Category Archives: Tech

Audio File

Note to Morris:

When you get the package from Amazon, plug the “one-to-one” RCA cable from the digital audio output on your TV into this side of the adapter box. Ignore the connector labeled “Toslink.”

Digital inputs

Digital inputs

Connect the red-and-white “two-to-two” RCA cable on this side of the box into one of the Bose Wave changer’s two aux inputs. Then plug in the box’s power adapter and turn on the TV.

Analog output

Analog output and power supply

Undeliverable on Amazon

For the first time in my 18 years as an Amazon customer there is a problem with my account… that I’m aware of. Here is the transcript of my exchange with customer support:

Initial Question: There was a delivery address in my account that I did not enter. This was the entry:

Mr. Jabati
Hanovia House, (Suite 3)
28/29 Eastman Road
London, W3 7YG
United Kingdom
Phone: +44 (0) 181 740 4086

07:34 AM PDT Raja(Amazon): Hello, my name is Raja. I’ll certainly try to help regarding your concern.

07:34 AM PDT Douglas E Pratt: I assume there was a database problem and/or a hack of my account.

07:35 AM PDT Raja(Amazon): I’m sorry about the trouble you had with your account. Would you mind if I put you on hold for 2-3 minutes to check your details?

07:35 AM PDT Douglas E Pratt: Okay

07:37 AM PDT Raja(Amazon): Thanks for waiting,Douglas .
Douglas , I’ve checked your account and In this case I’ll forward your account specialist team.

07:38 AM PDT Raja(Amazon): They’ll get back to you with perfect solution within 1-2 business days.

07:38 AM PDT Douglas E Pratt: Okay. Thank you. I deleted the entry and changed my password. Looking forward to any information that the specialists can find.

Perfect Sound Forever?

Thirty years ago, the ads in the hi-fi magazines said that Compact Discs offered “perfect sound forever.” “Perfect sound” is a complicated topic, but it’s apparent that “forever” isn’t happening. NPR has this piece on CD deterioration.

Some CD players do a better job than others at handling marginal discs, as I demonstrated in this post. It seems that the gold discs manufactured by defunct specialty labels like Mobile Fidelity and DCC are superior after all.

On the subject of “perfect sound,” I have come around to accepting that the CD format is as good as 2-channel audio gets. 44,100 samples per second, 16 bits per sample, represents the limit of what the human ear can hear. There are plenty of things that can be done wrong, and were wrong for a long time, with digital-to-analog conversion in CD players, but the bit depth and sampling rate are fine. Here is the best explanation I’ve seen.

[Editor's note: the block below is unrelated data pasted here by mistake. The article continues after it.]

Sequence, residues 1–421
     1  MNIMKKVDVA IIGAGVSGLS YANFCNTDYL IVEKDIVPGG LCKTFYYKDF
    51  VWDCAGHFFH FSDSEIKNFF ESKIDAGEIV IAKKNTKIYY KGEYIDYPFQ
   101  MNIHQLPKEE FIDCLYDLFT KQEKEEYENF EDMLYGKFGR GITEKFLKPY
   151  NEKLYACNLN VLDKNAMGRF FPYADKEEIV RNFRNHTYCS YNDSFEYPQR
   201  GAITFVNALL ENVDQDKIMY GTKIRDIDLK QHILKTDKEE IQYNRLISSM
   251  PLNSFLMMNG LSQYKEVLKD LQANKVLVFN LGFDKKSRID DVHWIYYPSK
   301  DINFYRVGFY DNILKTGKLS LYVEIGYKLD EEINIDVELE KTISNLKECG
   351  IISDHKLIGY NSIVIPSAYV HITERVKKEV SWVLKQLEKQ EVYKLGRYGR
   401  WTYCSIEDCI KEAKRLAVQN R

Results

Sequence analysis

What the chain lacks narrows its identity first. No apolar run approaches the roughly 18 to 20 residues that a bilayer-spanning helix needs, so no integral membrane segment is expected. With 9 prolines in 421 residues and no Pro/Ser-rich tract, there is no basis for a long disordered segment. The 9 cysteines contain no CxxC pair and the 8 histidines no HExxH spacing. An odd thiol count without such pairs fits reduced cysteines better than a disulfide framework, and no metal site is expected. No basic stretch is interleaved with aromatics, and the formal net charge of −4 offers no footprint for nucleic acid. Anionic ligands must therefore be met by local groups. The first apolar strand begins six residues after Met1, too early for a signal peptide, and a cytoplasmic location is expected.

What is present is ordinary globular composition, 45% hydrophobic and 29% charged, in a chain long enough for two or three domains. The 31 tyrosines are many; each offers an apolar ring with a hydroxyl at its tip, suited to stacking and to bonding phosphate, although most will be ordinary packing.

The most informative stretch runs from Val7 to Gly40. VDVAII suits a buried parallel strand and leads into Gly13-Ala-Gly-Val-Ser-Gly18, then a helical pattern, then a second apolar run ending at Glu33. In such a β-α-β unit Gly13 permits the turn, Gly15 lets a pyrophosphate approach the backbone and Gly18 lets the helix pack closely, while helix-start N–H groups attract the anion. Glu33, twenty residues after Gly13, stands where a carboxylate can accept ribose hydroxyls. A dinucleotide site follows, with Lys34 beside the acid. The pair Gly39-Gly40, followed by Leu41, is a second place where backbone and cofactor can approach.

Come to the Sunshine

Something that Denro and I talk about incessantly is how drastically music changed year-to-year in the 1960’s. The best place to go for a thorough and insightful exploration of Sixties popular music is Andrew Sandoval’s unique and outstanding online show, Come to the Sunshine.

Andrew Sandoval, "Come to the Sunshine"

Andrew Sandoval, “Come to the Sunshine”

After Pop gave way to the Psychedelic shake-up of 1967, 1968 was the year when underground FM stations started to take over the older teen market. The influence of FM on AM could be heard in records like this one, which became an unlikely top 20 hit.

What made underground, aka Hippie, radio possible in the Sixties? The same thing that was behind other 60’s happenings like NASA, the pre-Internet Arpanet, and the Vietnam War. The United States Government, that’s what.

To promote the adoption of FM stereo radio, on January 1, 1967 an FCC mandate went into effect that required radio broadcasters to no longer simulcast their AM signals over their FM stations. College-aged disc jockeys started to flood the airwaves in major cities, formats changed overnight, and instead of playing the latest singles they played album cuts.

The iconic Boston station, WBCN, had an overnight format change, but it didn’t happen because of the simulcast requirement. What made ‘BCN possible was the desperation of the owner of a failing all-Classical station. Former ‘BCN disc jockey Carter Alan, who is now on WZLX in Boston, has the story in his excellent book, “Radio Free Boston: The Rise and Fall of WBCN.”